There’s a well-worn bike path near my home in San Francisco called “The Wiggle.” It’s a meandering route that zigzags from Market Street up to the Panhandle, marking the lowest incline option for westward-bound cyclists. In this city famous for both its breathtaking hills and tech-obsessed populace, I’m constantly reminded how well-suited this place is for the electric bicycle, as illustrated by the existence of everyday “life hacks” like this pathway.
The electric bicycle, or “eBike,” is a surprisingly amenable option for those who work and live in an urban environment and don’t want the hassle or costs of a car, but also want to minimize the manual effort required to pedal a bike. Here in the United States, eBikes command a hefty premium versus their all-mechanical counterparts and have mostly been relegated to a niche customer base. Though they are gaining recognition, eBikes are much more popular in Europe and Asia. In recent iterations of the annual Eurobike conference in southern Germany, almost every bike vendor showcased a small handful of new electric models. According to the Electric Bikes Worldwide Report, approximately 35-40 million units are sold in China annually and hundreds of millions of them are out on the roads every day.
One of the most critical components in a successful eBike design is the battery pack. Older and low-end models were powered by clunky, heavy lead acid (PbA) packs, which are relatively cheap and easy to use in designs. Unfortunately, these are physically large and heavy — imagine lugging one up several flights of stairs to recharge every night! That wouldn’t be your only annoyance – your battery would basically wear out after 18-24 months.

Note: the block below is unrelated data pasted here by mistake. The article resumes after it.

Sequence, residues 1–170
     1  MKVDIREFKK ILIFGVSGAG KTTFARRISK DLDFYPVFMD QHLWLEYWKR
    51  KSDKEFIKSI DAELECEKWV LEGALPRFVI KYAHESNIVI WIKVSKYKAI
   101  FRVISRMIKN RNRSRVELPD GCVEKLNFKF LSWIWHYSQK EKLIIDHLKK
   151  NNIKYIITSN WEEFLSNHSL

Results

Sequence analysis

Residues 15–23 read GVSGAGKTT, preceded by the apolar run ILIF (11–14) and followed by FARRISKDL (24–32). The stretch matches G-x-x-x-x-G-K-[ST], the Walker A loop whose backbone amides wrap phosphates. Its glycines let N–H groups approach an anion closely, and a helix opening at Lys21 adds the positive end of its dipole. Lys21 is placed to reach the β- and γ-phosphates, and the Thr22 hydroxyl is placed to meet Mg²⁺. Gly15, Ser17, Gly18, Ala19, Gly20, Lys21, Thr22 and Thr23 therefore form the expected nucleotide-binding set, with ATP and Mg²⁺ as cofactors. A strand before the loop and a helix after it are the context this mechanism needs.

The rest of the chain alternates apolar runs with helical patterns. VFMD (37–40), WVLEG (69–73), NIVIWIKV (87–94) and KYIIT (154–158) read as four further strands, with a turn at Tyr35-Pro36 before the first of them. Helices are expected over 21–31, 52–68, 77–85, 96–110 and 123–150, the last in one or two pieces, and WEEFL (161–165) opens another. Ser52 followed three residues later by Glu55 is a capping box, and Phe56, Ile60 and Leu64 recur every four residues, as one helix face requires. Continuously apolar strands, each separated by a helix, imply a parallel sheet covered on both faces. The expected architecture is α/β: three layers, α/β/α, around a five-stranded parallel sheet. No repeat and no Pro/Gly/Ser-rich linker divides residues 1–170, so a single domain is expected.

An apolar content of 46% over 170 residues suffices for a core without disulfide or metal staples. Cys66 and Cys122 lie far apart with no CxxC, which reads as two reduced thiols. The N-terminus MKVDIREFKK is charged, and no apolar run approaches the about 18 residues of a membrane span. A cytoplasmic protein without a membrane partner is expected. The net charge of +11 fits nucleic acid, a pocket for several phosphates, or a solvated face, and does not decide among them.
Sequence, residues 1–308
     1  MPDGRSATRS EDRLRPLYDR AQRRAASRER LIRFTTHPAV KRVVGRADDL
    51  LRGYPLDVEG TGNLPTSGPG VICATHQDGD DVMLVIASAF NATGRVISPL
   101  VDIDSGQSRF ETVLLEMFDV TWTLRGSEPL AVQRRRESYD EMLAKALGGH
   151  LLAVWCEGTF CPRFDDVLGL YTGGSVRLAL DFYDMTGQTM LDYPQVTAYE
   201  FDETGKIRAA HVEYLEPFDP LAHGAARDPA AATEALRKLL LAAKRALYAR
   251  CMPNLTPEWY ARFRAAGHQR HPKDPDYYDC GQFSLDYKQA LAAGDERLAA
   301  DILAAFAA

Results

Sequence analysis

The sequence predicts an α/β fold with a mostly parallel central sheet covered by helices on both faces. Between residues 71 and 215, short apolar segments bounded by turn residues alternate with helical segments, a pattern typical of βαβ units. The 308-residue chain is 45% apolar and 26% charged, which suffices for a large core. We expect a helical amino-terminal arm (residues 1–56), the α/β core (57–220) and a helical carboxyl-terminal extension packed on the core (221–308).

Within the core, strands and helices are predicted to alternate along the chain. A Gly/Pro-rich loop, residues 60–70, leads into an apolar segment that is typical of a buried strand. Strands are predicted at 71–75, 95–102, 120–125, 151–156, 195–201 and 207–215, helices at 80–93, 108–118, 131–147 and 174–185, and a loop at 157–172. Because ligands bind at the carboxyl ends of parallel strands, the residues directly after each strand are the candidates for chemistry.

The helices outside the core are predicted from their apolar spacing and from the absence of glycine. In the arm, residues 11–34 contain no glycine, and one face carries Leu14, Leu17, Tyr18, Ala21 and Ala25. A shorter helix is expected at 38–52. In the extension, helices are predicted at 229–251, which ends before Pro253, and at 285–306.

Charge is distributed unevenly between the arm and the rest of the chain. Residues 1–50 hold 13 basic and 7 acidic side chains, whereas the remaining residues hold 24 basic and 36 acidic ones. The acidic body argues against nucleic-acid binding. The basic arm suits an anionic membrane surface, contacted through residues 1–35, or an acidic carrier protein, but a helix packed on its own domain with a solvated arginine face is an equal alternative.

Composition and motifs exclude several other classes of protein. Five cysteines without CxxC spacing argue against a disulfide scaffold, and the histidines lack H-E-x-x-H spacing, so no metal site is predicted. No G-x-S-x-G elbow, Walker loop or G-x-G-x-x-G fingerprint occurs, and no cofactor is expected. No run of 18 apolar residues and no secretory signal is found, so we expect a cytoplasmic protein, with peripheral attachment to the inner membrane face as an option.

We have found the solution with Li-ion battery cells. Great strides have been made in recent years to maximize the power output and energy densities of these batteries. These are both key requirements in enabling a compact, but dynamic power plant that motor-driven eBikes demand, while cell prices continue to fall drastically each year.
Still, the design challenges of working with Li-ion are significant. Safety is paramount, given the aggressive environments where these eBikes operate, which spans everything from extreme cold in Northern Europe to sweltering heat in Southeast Asia. There are also a multitude of possible battery configurations. In China, most eBikes are built to a 48V specification whereas the majority of European models are 36V or 24V. Of course, cost and reliability are key. A customer shelling out a few thousand dollars on a premium light electric vehicle expects it to perform well from the first day to many seasons beyond.
We built the new bq76940 family with exactly this sort of flexibility, safety and performance in mind. Rather than create a single Li-ion monitor to handle the full 24-48V range, the bq76940 introduces the idea of an elegant scalable architecture. There are three devices that are intended to affordably address a specific subset of battery sizes, while still retaining a unified feature set and interface. For example, the bq76940 is intended for 48V; the bq76930, is its medium sized sibling that handles 36V and; the smallest in the family, the bq76920, targets 18V.
The bq76940 family also enables a heightened margin of safety for the eBike battery, via onboard detection circuitry that constantly and independently checks for potential electrical dangers like over-charging. When used in tandem with standard safety protocols that would be implemented on a separate micro-controller, it’s possible to ensure a level of protection that goes above and beyond most regulatory standards.
Lastly, the bq76940 does its part to help maximize an eBike’s performance, thanks to a suite of immediate and long-term functions. It has the intelligence to discern whether the eBike is being pushed to the limit (think of a cyclist riding up a particularly steep incline) or abusing the battery (shorting the pack terminals). And by cell conditioning across tens or hundreds of charge cycles, it can also help extend the lifespan of the battery pack.
The bq76940 and bq76930, both available now, are just the latest in our efforts to help designers in this exciting new light electric mobility space. Whether you’re embarking on a new eBike or eScooter project, take a look at our new monitors — you just might find they’ll give you that extra edge to help maximize your design impact. Are you designing an eBike or eScooter? I want to hear about it!
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